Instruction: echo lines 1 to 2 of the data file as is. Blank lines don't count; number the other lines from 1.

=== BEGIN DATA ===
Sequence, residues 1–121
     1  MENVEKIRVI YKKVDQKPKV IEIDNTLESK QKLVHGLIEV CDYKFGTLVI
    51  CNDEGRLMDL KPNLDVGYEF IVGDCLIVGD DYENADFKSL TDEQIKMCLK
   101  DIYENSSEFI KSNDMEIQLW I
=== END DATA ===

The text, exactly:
Sequence, residues 1–121
     1  MENVEKIRVI YKKVDQKPKV IEIDNTLESK QKLVHGLIEV CDYKFGTLVI